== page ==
Is it possible to use exponents as a form of addition? For example in 51.x=65^{1.x} = 6 where xx is the numbers after the decimal place. If so, what would be the equation to find xx?

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Not clear on your notation. What is the exponent? If, say, x=2x=2, what is the left hand of your expression?

– lulu

2 days ago

1

Yes. If I get your notation right, you can take log\log from both sides and rewrite 1.x1.x as 1+x101+\frac{x}{10}, which comes down from the exponent. Then solve linearly for xx.

– O. Von Seckendorff

2 days ago

1

For your example, x≈0.1133x \approx 0.1133.

– O. Von Seckendorff

2 days ago

Thanks all! Especially O. Von Seckendorff. Lulu: for clarification I meant (as an example) 5^1.1133

– Indigo2003

2 days ago

O. Von Seckendorff what do you mean log (I know this means logarithm) both sides? Wouldn’t I need an exponent and base etc?

– Indigo2003

2 days ago

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1 Answer

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So I think you are asking how do you solve ba+x=kb^{a + x} = k for xx if b,a,kb,a,k are constants; for example how would you solve 51+x=65^{1 + x} = 6. Is that right.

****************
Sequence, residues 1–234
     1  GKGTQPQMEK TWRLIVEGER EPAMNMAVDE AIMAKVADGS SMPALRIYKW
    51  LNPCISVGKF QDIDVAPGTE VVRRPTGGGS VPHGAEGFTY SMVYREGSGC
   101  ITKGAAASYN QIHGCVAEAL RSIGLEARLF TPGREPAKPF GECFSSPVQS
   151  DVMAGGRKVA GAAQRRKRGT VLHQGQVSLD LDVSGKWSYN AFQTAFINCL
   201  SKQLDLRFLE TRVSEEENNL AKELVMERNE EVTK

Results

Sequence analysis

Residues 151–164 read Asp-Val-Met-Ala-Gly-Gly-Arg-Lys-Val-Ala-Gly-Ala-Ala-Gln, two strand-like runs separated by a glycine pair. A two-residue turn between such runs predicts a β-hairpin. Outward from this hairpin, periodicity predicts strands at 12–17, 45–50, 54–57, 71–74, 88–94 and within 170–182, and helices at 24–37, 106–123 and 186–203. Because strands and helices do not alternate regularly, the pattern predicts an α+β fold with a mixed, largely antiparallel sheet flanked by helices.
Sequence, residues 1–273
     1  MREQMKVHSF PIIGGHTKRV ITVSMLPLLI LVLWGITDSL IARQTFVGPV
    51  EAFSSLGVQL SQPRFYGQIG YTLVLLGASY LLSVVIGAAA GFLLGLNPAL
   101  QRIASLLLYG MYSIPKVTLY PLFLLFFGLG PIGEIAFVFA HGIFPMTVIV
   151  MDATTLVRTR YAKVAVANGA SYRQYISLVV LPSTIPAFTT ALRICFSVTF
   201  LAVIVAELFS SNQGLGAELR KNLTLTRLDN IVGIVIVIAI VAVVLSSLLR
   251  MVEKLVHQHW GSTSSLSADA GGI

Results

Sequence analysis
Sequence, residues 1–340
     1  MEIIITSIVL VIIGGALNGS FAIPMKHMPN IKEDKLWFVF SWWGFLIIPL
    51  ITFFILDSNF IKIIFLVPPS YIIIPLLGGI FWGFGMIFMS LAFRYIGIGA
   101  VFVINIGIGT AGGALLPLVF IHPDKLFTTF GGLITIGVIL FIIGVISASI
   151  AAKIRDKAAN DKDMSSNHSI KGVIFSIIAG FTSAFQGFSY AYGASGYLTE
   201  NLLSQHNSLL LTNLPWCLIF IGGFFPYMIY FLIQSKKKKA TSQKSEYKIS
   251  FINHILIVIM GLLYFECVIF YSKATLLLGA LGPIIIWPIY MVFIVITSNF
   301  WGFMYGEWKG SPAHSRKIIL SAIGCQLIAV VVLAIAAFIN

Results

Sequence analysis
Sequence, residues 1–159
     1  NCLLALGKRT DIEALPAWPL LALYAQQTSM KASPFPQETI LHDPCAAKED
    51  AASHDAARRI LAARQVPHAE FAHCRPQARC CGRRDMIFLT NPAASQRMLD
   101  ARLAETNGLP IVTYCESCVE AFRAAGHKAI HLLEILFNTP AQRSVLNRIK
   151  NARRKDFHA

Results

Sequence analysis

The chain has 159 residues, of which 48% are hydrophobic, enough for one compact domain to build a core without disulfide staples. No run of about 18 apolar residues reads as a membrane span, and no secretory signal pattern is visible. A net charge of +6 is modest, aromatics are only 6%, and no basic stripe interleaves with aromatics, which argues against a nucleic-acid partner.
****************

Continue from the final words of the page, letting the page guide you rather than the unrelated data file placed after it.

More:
Like so:

51+x=65^{1 + x} = 6

log551+x=log56\log_5 5^{1+x}= \log_5 6

1+x=log561 +x = \log_5 6

x=log56−1x = \log_5 6 – 1

x=ln6ln5−1x = \frac{\ln 6}{\ln 5} – 1

x=1.113…−1=0.113…x = 1.113…-1=0.113…

In general ba+x=kb^{a + x} = k

if x=logbk−ax = \log_b k – a

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To figure out what logbk\log_b k is … logbk=logxklogxb=log10klog10b=logeklogeb=lnklnb\log_b k = \frac{\log_x k}{\log_x b} = \frac{\log_{10} k}{\log_{10} b}= \frac{\log_e k}{\log_e b}= \frac{\ln k}{\ln b}

how did you get from x = log5 6 – 1 to x = in… and why are we using in?

– Indigo2003

2 days ago

ln\ln = “natural log” =loge \log_e; e = 2.717……. logbk=logxk/logxb\log_b k = \log_x k/\log_x b for any x whatsoever. log56=log106/log105=loge6/loge5=log29.7536/log29.76535 \log_5 6 = \log_{10} 6/\log_{10} 5 = \log_e 6/\log_e 5 = \log_{29.753} 6/\log_{29.7653} 5. Chances are you do not have a log5\log_5 button on your calculator. Doesn’t matter as you probably have a ln\ln button. And you can always solve logbk=lnklnb\log_b k = \frac{\ln k}{\ln b} you can also solve logbk=log10klog10b\log_b k = \frac{\log_{10} k}{\log_{10} b}. But log10\log_{10} is what *physicists* use. Real *mathematicians* use ln=loge\ln = \log_e. 🙂

– fleablood

2 days ago

If bk=Nb^k = N then logbN=k\log_b N =k. That’s a definition. By definition xlogxb=bx^{\log_x b} = b. So if bk=Nb^k = N then xk∗logxb=Nx^{k*\log_x b} = N so logxxklogxb=logxN\log_x x^{k\log_x b} = \log_x N so klogxb=logxNk \log_x b = \log_x N so k=logxNlogxbk = \frac{\log_x N}{\log_x b} so k=logbN=logxNlogxbk = \log_b N =\frac{\log_x N}{\log_x b}. So log56=log105log106=ln5ln6\log_5 6 = \frac{\log_{10}5}{\log_{10}6}=\frac{\ln 5}{\ln 6}.

– fleablood

2 days ago

Thanks! I think my brain just broke though… Also, why do we use e? And I know it is 2.718281828459.

– Indigo2003

2 days ago

And I thought (Phi^n – phi^n)/sqrt5 was complicated…. Can someone tell me how to use division bars and superscript please?

– Indigo2003

2 days ago